Interview by Declan Warrington

BN: How has learning he’ll soon be a parent affected Jesse Rodriguez?

RG: When somebody’s expecting their first baby, it does change the way they think. His mentality has changed; he’s a little bit more focused and serious about life itself; it makes a big change on any human being.

There’s situations where a fighter thinks a little more about risking his health and life in the ring; where fighters hold back a little when they start having a family. It’s something that could work both ways. We won’t see until fight night, but from what it looks like now in training camp and showing us the hunger that he has during sparring, it looks like it’s motivated him in a positive way, where he’ll try even harder. He’s been in camp for almost three months. Some fighters – maybe they’d come to camp a little bit later, or train at home for a few weeks, having a girlfriend that’s pregnant and wanting to be with her. But no, he’s decided to get here [Oxnard, California] for September, and has been focused. That says a lot.

Talent-wise he’s up there among the best [I’ve trained]. I never include my brother Mikey because he’s my brother and I don’t like to put him at number one – of course you’ll pick your brother – but Mikey’s so smart, very technical, and knew when to connect. Skills-wise it’s between “Bam” and Nonito Donaire [as number one]. Nonito Donaire was great – he had some great talent.

BN: How good is Sunny Edwards?

RG: Great fighter. Great fighter. Very talented; very difficult; fast. It’s a real challenge for us. It’s going to be a great fight.

What we’re seeing on social media and what he says in interviews – he’s good for boxing. He’s already a champion who’s defended his title a few times. He backs up what he says, which is good. I’m happy we’re facing him; he’s the one who says more about the way he feels; the way boxing is.

He’s gonna listen and he’s gonna fight smart and he’s gonna box [and avoid the ropes]. He’s gonna try and use his feet to move around; we’re gonna have our moments too, but he’s going to have his moments. It’s going to be a fight where, round by round, we’re going to figure out little things and he’s going to do the same with his corner. That’s what makes this such an interesting fight. It’s maybe the best fight of the lower weight classes of the year. They deserve a lot of credit for accepting the fight; Sunny for even coming to the country and proving himself. That’s what a real warrior – a real fighter – does.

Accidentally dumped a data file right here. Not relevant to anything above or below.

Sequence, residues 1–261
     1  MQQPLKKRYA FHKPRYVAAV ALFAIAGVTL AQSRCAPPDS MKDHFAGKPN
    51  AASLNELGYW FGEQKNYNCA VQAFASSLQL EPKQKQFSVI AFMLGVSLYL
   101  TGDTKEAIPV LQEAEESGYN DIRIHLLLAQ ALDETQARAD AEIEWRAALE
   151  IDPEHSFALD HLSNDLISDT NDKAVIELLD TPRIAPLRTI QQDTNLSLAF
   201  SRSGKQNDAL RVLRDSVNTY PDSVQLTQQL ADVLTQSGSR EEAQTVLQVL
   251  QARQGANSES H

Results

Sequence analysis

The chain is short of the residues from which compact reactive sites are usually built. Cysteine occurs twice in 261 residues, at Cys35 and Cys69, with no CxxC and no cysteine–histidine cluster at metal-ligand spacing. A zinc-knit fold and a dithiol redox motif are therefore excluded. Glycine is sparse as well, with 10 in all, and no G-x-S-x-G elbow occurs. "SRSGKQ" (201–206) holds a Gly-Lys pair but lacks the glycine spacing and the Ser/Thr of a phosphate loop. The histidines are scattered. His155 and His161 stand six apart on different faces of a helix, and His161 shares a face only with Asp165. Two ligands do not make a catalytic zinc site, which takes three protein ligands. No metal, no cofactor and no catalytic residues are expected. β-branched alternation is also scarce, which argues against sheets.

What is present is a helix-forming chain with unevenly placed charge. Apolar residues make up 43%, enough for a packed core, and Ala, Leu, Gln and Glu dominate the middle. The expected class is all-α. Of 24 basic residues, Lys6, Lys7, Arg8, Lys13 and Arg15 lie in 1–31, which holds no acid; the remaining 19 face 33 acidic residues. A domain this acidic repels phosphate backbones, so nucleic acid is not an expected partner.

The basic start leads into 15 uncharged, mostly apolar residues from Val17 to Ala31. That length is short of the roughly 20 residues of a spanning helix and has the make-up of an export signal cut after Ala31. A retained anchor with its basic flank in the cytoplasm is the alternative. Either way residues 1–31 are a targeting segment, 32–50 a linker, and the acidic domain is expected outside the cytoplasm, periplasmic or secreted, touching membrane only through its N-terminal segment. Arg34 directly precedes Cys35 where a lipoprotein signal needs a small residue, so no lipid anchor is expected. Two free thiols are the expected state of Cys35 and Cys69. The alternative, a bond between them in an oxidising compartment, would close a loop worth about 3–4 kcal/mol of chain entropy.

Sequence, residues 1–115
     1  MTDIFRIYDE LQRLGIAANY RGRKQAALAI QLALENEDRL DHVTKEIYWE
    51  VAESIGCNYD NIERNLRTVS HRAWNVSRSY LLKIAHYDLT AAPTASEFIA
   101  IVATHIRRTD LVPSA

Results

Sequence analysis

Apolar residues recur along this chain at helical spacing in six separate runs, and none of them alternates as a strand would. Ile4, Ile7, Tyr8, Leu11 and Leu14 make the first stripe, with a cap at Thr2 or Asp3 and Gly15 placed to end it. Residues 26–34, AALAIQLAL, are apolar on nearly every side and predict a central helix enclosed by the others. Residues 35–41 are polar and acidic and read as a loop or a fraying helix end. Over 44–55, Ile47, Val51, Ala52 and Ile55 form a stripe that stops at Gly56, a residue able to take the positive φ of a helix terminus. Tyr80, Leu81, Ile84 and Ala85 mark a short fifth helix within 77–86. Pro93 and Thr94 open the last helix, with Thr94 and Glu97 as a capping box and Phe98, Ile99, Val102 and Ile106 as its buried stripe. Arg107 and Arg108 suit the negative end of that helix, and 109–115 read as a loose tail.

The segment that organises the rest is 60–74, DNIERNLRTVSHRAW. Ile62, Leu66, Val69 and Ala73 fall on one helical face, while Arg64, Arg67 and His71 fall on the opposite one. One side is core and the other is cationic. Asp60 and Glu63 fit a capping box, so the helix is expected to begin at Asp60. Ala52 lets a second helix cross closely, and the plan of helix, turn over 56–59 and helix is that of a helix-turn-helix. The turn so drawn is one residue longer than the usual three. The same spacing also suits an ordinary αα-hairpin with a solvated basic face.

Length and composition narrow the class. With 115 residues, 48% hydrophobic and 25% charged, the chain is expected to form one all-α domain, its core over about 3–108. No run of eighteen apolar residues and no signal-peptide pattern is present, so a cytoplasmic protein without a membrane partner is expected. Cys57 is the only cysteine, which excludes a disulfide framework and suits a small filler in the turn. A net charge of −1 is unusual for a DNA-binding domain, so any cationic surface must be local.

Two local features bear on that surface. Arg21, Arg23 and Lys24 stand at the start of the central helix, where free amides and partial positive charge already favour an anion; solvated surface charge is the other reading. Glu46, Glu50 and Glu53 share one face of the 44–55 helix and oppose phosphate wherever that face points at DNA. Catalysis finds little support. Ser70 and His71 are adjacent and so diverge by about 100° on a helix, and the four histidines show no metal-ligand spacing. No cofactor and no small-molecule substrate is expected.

I let [Rodriguez’s] father go [on the press tour] instead of me because the dad wanted to spend time with his son – I had a lot of work anyways – he was a little surprised because he tells me what we’ve seen on social media, [and] it was totally the opposite. [Edwards] was very friendly; they played a few games together. It was very respectful. That tells you he’s a good person, and says what he says to sell a fight. Smaller weights need a fight like this.

Guys like Chocolatito [Roman Gonzalez]; [Carlos] Cuadras; [McWilliams] Arroyo; [Srisaket Sor] Rungvisai made a change. They forced these kids to do the same thing. It’s something they started – they fight each other – and the younger generation needs to continue that so the boxing world keeps those weight classes in mind.

BN: As his former trainer, how risky do you consider Anthony Joshua’s fight with Otto Wallin?

RG: One thing about Anthony is he could struggle at looking good, like he has in the past couple of fights, where there’s a little holding back – but he gets the work done. His last fight [against Robert Helenius in August] he had a really nice knockout, where maybe earlier people were saying, ‘He’s afraid’. In the end, he got the work done.